Brian is younger than Carl and I by probably about ten years. He’s a strong cyclist and usually has Carl and me struggling to stay on his rear wheel. Despite his relative youth and strength, he lives with a medical condition that causes his heart rate to rise suddenly and apparently unpredictably. When that happens, he has to lay back until his heart rate drops back to a normal level. He’s had an episode each time we’ve ridden together.
On this occasion, we headed out of Westfield towards Huntington in a pace line with Brian in front, Carl in the middle and me bringing up the rear. After Brian had taken a fairly long pull on the front, I checked behind me to make sure the road was clear, and pulled around Brian and Carl to the front to take my turn in the wind.
I wasn’t in front very long when Carl came around me to take a pull, but Brian didn’t follow him. I looked back and saw that Brian had fallen back. Concerned, I called up to Carl asking if Brian was alright. Without waiting for a response, I looked back over my shoulder again to see if Brian was signaling us to wait or to go ahead without him.
About this time, our pleasant ride took a nasty turn. Apparently, when I called up to Carl, he slowed slightly so my front wheel came alongside his rear wheel. As I turned back towards the front, I must have swerved to the left. The sidewall of my front tire touched the sidewall of his rear and I found myself hitting the pavement hard and sliding across the travel lane of rush hour Rt. 20. I don’t know how I managed to hit a lull in the stream of fifty mph commuters.
As soon as I came to a stop, acting on pure adrenaline, I scrambled crab-like to the side of the road, pushing my bike across the pavement in front of me. By this time, Brian was back with us. He and Carl worried over me as I tried to stand.
I had a sinking feeling of déjà vu as my left hip refused to support my weight. Thinking I could use my bike as a rolling support, I leaned on it with the intention of hobbling towards a log on the side of the road that I could sit on. The sudden fire in my left shoulder let me know that my injuries weren’t just to my hip. My plan to lean on my bike wasn’t going to work.
Feeling utterly helpless, I accepted the assistance of Carl and Brian, limping between them for the painful twenty yards or so to the log. I lay down in the grass, propped against the log, coming to terms with the ramifications of my accident. I called Linda on my cell phone and told her I’d crashed, asking her to come pick me up.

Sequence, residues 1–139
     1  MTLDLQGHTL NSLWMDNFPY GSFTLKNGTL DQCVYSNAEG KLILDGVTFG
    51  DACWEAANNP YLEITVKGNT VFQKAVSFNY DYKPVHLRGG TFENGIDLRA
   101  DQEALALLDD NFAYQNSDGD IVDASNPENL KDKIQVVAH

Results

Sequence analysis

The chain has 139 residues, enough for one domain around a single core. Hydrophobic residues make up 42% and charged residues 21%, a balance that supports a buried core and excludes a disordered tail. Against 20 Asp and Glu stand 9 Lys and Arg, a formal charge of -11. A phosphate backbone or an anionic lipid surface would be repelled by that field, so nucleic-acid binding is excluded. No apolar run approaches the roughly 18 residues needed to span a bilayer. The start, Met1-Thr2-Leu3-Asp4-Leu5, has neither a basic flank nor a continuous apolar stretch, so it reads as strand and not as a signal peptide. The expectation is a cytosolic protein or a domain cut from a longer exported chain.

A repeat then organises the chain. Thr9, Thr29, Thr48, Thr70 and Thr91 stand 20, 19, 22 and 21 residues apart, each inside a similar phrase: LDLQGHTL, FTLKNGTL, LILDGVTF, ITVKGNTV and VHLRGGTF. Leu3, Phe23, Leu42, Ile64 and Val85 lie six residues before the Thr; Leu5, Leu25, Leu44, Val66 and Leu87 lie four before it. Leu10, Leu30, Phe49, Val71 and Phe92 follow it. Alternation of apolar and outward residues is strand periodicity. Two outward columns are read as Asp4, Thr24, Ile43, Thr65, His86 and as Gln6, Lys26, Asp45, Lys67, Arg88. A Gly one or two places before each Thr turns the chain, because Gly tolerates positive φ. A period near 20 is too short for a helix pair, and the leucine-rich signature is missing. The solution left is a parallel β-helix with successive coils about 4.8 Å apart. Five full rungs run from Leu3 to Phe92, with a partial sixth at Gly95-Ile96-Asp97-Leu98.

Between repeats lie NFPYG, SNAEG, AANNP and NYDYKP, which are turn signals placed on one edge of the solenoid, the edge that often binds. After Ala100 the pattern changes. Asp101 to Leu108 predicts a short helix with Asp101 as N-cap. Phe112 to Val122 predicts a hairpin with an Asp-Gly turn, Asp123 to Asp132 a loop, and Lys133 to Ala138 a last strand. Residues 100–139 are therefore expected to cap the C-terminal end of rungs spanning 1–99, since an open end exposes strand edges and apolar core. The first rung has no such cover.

Somewhere deep in the recesses of my mind, I knew I should go to the hospital, but the notion hadn’t fully formed. Speaking to Linda, I didn’t give her any details about the crash or my injuries – I was thinking only of getting myself off the side of the road and releasing Carl and Brian from their babysitting duties.
Linda made good time in arriving at the scene. She also had the good sense to realize that I must be seriously hurt to ask for her to pick me up, bringing my medical card with her. She surveyed the carnage and asked Carl and Brian to help me into the passenger seat of the van.
In the meantime, both an off-duty nurse and cop stopped to check on us. We assured them we’d be alright. The policeman was reluctant to leave us without calling an ambulance, but Linda insisted that, as long as she had help getting me in the van we’d be okay.
The hospital was only a couple of miles away. Linda drove right into the space reserved for ambulances, rushed in and argued with a couple of skeptical hospital staff members until they reluctantly came out and helped me out of the van and into a wheelchair. They were sure that if I didn’t come by ambulance, I should be able to manage on my own.
I was wheeled into the crowded ER to wait to be processed and attended to. I sat in my colorful cycling jersey and shorts, now scuffed and torn, in a wheelchair in the entryway of the waiting room. I struggled to get comfortable and Linda sat across the narrow hall from me looking worried.